Dr Zarbin continued, discussing the TENAYA [NCT03823287] and LUCERNE [NCT03823300] studies, which were the registration trials for faricimab. In these trials, he said, 2 mg aflibercept every 8 weeks was compared with faricimab 6 mg, and disease activity assessments were done at weeks 20 and 24. Active disease was judged to be present if there was either a loss of vision or a change in the OCT or a new macular hemorrhage. “Using these criteria, by year 2, about 80% of the patients [receiving] faricimab could be maintained with dosing intervals of every 12 to 16 weeks,” Dr Zarbin said. “The change that most frequently mandated injection was a change in the OCT, which was the case for about 70% of the time that injections were administered.”

Around 25% of the time, a change in vision indicated the presence of active disease and around 10% of the time, it was a presence of new macular hemorrhage.

“My point is that if any one of the above events occurred at weeks 20 or 24, clinicians administered faricimab treatment as each event independently indicated the presence of active neovascular AMD,” Dr Zarbin said. “We wondered, what would the durability of faricimab be if we changed the disease activity criteria such that both a change in vision and a change in OCT were required to mandate an injection using the criteria employed in the PULSAR trial.”

In this post hoc analysis of the TENAYA and LUCERNE data, investigators recalled that in those trials, either a change in vision or OCT or new macular hemorrhage resulted in 78% of the patients being maintained at injection intervals of 12 to 16 weeks. When investigators required both a change in vision and a change in OCT, the durability seemed to increase; with these criteria, 96% of the patients could be maintained with injections every 12 to 16 weeks.

“By changing the disease activity criteria, we changed the estimate of the durability of faricimab,” Dr Zarbin said. He stated that the disease activity criteria in TENAYA and LUCERNE, in which either a change in vision or anatomy triggered requirement for an injection, “more accurately reflect routine clinical practice.”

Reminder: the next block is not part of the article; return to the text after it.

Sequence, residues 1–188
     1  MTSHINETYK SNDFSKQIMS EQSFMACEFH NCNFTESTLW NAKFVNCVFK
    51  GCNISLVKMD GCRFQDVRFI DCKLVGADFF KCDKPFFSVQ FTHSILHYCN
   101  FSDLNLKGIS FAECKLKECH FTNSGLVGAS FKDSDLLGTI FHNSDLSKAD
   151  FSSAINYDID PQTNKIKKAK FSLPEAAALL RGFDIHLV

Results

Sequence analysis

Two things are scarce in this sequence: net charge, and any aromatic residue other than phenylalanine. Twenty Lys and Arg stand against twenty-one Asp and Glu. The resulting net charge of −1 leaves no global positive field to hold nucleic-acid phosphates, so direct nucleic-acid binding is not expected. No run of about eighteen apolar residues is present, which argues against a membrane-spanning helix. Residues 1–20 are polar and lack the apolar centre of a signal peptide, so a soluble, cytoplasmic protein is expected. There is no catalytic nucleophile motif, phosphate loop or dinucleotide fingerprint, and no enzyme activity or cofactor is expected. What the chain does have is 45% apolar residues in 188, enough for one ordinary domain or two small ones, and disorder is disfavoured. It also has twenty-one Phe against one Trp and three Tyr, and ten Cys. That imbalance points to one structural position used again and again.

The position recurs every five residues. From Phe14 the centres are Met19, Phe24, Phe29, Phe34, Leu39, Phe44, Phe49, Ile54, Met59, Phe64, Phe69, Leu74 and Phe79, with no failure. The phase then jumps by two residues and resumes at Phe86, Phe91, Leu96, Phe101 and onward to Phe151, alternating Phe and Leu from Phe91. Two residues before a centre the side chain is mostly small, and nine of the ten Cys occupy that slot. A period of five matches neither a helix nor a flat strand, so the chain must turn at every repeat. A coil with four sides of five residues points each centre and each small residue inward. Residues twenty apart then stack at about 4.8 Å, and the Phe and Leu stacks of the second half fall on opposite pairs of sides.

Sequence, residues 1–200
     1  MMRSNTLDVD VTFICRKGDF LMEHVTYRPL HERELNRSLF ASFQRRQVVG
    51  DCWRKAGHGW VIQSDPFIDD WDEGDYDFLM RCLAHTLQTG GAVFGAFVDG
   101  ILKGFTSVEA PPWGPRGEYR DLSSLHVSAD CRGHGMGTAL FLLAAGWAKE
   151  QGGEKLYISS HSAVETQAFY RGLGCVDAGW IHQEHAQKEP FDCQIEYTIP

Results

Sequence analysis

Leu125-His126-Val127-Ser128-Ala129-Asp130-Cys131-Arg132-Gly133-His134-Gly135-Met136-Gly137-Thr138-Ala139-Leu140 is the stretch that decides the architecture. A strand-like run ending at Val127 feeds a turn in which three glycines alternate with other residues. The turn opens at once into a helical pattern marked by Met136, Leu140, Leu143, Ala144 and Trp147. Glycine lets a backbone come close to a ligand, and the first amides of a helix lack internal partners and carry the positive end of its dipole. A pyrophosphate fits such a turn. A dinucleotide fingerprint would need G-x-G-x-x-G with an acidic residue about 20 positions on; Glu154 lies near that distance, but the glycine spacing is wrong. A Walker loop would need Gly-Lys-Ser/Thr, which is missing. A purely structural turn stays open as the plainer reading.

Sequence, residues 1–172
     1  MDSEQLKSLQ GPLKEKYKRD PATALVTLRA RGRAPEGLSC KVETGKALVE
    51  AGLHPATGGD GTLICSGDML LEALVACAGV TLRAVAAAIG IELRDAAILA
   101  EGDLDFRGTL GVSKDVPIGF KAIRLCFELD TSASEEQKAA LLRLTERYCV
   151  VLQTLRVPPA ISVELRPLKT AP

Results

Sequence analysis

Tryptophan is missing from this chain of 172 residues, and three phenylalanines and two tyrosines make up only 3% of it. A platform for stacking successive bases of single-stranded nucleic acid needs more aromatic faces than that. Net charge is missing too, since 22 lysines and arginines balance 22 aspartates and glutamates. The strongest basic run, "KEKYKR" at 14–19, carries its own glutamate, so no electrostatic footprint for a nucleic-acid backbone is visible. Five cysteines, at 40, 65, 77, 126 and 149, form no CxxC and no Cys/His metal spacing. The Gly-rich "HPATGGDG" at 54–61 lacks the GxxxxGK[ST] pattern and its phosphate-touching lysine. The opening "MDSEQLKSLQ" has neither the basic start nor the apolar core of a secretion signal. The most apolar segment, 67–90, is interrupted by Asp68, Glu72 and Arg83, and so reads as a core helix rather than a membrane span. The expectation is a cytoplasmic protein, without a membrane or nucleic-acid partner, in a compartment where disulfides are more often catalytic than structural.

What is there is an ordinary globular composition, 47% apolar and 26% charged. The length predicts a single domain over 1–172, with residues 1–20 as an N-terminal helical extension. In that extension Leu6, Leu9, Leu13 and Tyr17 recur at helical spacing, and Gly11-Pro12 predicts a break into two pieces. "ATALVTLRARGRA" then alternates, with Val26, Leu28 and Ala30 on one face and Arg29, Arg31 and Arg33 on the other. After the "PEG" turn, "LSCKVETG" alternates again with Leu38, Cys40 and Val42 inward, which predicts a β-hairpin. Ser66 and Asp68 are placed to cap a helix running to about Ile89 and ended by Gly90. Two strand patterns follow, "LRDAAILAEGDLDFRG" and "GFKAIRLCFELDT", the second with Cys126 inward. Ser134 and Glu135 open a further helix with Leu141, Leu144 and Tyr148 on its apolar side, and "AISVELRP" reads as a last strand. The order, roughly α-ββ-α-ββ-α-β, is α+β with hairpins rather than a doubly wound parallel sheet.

“And as we found in the trial, and as I think is the case in practice, the majority of the time, the change in disease activity criteria that mandates the injection is a change in the OCT,” he added. Dr Zarbin said this consideration was vital to understanding durability estimates in both TENAYA and LUCERNE, as well as in the CANDELA and PULSAR trials. “When we apply the requirement that both a change in vision and a change in anatomy are needed in order to maintain to mandate an injection, we increase the assignment to longer dosing intervals,” he summarised.

Related Videos
Ramin Tadayoni, MD, speaks with Sheryl Stevenson
Jennifer I. Lim, MD, FARVO, FASRS, Director of Retina Service, University of Illinois at Chicago
Anat Loewenstein, MD, Professor and Director, Department of Ophthalmology, Tel Aviv Medical Center
Carl D. Regillo, MD, FACS, FASRS, Chief of Retina Service, Wills Eye Hospital, Philadelphia, PA
Arshad Khanani, MD, MA FASRS, on a virtual call
At this year's ESCRS meeting, we asked presenters and attendees, 'What do yoou wish you'd known earlier in your ophthalmology career?'
Diana Do, MD, Professor of Ophthalmology, Byers Eye Institute, Stanford University, discusses the PHOTON study results as presented AAO
Penny A Asbell, MD, FACS speaks at the 2023 AAO meeting
© 2024 MJH Life Sciences

All rights reserved.